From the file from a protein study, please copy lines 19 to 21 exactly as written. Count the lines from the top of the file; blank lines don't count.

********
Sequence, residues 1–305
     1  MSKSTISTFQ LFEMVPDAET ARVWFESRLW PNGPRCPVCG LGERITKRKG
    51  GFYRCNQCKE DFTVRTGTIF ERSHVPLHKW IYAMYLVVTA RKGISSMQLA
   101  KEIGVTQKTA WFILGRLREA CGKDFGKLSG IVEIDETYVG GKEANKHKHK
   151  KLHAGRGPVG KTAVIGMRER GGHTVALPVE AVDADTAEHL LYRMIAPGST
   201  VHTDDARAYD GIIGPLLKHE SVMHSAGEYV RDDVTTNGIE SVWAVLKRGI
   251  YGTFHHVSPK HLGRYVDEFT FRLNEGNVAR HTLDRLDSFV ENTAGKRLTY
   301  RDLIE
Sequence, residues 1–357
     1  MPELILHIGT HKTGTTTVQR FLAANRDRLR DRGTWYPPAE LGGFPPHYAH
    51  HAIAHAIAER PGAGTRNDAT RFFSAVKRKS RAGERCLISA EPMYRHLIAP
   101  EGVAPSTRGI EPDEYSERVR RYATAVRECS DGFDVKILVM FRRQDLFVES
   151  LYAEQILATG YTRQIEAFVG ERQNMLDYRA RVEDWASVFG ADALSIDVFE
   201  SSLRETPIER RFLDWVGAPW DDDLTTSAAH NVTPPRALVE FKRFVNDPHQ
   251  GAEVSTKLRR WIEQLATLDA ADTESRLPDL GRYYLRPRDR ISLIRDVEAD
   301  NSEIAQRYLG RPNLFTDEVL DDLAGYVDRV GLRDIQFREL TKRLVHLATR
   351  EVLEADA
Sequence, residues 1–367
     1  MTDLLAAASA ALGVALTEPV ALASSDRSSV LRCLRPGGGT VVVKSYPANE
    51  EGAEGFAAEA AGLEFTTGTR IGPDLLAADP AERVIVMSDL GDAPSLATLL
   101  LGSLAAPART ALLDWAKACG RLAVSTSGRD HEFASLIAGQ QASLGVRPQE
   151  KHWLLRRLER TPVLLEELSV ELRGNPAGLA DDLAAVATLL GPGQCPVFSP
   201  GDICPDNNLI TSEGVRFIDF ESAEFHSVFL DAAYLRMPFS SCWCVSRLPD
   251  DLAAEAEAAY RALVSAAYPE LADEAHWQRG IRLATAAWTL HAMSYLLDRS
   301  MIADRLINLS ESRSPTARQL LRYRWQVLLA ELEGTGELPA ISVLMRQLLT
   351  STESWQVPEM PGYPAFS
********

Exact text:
     1  MTDLLAAASA ALGVALTEPV ALASSDRSSV LRCLRPGGGT VVVKSYPANE
    51  EGAEGFAAEA AGLEFTTGTR IGPDLLAADP AERVIVMSDL GDAPSLATLL
   101  LGSLAAPART ALLDWAKACG RLAVSTSGRD HEFASLIAGQ QASLGVRPQE